The Feed Intake and Daily Weight Gain of Locally Sheep Fed with Amofer Palm Oil Plantation and Mill’s Byproduct-based Complete Feed

Hamdi Mayulu, Suhardi Suhardi



Livestock development through innovation of complete feed (CF) technology which cheap and potential could be optimized through utilizing palm oil plantation and mill’s by-product. The objective of this research was to analyze the effect of complete feed formulated with palm oil plantation and mill’s by-product to the feed intake and daily weight gain of sheep. Male thin tailed sheep 9 months old with average live weight of 14.69 kg were used in this research. CF was formulated from ammoniated-fermented of palm frond, palm leave, empty fruit bunch, and palm pressed fiber which mixed with Centrosema sp., palm kernel cake, corn, rice bran, dried cassava waste pulp, molasses, mineral mix and salt. The study used completely randomized design which consisted of T1=10%, T2=12%, T3=14% and T4=16% of crude protein and total digestible nutrient (TDN) 64% with 4 repetitions. Data was analyzed using ANOVA at 95% significance level which followed by Duncan Multiple Range Test. The experiment showed that the level of protein content influenced the feed intake. The highest average of dry matter intake, organic matter intake, crude protein intake and TDN were 865.83 g/sheep/day, 750.60 g/sheep/day, 118.66 g/sheep/day and 555.96 g/sheep/day, respectively. The highest average daily weight gain was 174.18 g/sheep/day which produced at crude protein level of 14% (T3). The statistical analysis showed that T3 was significantly different to T1, T2 and T4. It can be concluded that complete feed formulated from palm oil plantation and mill’s by-product with appropriate level of crude protein content could increase the feed intake and daily weight gain of local sheep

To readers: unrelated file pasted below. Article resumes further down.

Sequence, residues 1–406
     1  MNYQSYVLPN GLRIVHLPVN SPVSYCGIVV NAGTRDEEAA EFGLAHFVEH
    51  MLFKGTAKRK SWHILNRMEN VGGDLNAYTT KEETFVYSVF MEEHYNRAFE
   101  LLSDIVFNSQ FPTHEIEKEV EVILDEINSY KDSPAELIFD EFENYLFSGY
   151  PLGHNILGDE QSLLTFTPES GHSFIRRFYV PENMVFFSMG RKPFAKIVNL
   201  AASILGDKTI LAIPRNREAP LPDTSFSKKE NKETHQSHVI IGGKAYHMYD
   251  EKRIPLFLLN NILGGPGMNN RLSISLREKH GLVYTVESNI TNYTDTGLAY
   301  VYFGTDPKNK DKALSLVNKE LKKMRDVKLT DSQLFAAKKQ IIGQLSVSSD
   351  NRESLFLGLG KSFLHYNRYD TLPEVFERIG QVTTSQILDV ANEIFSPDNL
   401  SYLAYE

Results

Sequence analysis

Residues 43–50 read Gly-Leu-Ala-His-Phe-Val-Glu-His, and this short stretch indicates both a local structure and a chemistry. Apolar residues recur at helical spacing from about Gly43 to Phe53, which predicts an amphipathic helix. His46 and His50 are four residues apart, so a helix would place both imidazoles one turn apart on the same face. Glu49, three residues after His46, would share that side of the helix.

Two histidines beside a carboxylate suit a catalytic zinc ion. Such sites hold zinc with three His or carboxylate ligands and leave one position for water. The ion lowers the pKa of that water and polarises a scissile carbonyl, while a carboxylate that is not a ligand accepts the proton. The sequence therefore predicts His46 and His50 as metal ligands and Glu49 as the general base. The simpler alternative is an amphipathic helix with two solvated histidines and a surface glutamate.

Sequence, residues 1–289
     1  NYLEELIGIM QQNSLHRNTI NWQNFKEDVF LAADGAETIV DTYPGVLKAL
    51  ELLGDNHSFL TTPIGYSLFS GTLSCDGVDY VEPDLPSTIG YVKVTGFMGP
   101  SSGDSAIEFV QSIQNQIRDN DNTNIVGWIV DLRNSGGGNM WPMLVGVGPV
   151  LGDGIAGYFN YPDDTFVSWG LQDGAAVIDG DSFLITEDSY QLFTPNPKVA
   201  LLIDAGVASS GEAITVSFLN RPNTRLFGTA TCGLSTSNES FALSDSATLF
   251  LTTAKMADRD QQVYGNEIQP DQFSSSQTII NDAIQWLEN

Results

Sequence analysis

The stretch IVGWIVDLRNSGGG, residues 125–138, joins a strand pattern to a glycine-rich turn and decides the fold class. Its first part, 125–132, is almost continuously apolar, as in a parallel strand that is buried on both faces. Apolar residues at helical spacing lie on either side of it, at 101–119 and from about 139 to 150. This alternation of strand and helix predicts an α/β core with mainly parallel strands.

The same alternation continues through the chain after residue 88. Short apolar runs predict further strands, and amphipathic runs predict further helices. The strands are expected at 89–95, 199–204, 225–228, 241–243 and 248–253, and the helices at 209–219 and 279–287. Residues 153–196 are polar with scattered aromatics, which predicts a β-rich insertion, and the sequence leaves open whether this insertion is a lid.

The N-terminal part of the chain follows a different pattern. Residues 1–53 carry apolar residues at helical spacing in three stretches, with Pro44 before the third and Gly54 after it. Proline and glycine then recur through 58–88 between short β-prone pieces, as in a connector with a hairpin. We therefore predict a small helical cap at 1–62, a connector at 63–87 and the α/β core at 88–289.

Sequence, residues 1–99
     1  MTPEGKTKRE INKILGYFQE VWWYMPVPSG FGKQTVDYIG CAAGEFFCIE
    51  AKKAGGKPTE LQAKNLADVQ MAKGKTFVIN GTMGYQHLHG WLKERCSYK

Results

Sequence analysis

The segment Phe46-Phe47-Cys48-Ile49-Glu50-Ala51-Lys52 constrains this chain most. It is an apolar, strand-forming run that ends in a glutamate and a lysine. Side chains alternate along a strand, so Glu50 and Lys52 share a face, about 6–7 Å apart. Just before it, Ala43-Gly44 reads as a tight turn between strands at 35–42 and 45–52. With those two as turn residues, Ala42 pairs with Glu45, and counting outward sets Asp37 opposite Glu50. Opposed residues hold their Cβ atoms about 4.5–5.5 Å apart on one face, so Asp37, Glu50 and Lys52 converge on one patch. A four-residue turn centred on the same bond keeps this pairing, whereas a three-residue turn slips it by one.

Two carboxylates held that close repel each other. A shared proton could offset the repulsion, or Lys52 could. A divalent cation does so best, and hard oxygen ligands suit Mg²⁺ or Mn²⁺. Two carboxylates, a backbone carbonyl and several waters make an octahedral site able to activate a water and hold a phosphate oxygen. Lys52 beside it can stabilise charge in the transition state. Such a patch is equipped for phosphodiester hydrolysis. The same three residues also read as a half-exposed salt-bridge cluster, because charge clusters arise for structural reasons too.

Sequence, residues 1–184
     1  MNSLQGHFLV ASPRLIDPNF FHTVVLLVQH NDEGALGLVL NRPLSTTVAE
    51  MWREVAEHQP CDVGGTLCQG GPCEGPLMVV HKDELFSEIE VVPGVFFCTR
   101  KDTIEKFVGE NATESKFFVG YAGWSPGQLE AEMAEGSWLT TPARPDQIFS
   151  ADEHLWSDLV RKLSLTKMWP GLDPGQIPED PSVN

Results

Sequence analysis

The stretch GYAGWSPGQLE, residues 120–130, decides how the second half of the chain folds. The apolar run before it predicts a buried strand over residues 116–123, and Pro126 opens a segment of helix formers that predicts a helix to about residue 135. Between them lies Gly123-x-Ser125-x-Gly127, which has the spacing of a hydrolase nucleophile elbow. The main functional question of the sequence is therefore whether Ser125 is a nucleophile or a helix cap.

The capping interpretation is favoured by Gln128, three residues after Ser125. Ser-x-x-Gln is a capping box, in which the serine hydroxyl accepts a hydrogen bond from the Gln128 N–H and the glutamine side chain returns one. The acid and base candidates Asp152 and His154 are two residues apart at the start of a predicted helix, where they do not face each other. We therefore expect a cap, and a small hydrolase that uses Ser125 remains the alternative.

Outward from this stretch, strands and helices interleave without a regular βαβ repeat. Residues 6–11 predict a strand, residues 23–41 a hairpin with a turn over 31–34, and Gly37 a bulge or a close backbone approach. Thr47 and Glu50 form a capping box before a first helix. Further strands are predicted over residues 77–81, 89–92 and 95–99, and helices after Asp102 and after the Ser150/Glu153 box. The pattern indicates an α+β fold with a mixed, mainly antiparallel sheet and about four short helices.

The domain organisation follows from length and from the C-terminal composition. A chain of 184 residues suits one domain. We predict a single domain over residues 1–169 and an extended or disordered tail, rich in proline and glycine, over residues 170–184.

Feed, by-product, palm oil plantation and mill, feed intake, daily weight gain

Full Text:


Published by Department of Chemical Engineering University of Diponegoro Semarang
Google Scholar

IJSE  by is licensed under Creative Commons Attribution 3.0 License.